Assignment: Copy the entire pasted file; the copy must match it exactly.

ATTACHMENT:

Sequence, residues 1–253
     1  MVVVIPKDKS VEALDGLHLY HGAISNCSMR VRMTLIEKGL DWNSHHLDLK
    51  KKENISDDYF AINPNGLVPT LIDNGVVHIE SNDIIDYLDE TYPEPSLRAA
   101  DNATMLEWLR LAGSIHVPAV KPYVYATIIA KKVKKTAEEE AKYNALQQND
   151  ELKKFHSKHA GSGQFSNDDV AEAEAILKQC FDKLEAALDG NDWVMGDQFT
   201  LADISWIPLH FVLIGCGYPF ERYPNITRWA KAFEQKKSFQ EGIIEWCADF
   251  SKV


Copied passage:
Sequence, residues 1–253
     1  MVVVIPKDKS VEALDGLHLY HGAISNCSMR VRMTLIEKGL DWNSHHLDLK
    51  KKENISDDYF AINPNGLVPT LIDNGVVHIE SNDIIDYLDE TYPEPSLRAA
   101  DNATMLEWLR LAGSIHVPAV KPYVYATIIA KKVKKTAEEE AKYNALQQND
   151  ELKKFHSKHA GSGQFSNDDV AEAEAILKQC FDKLEAALDG NDWVMGDQFT
   201  LADISWIPLH FVLIGCGYPF ERYPNITRWA KAFEQKKSFQ EGIIEWCADF
   251  SKV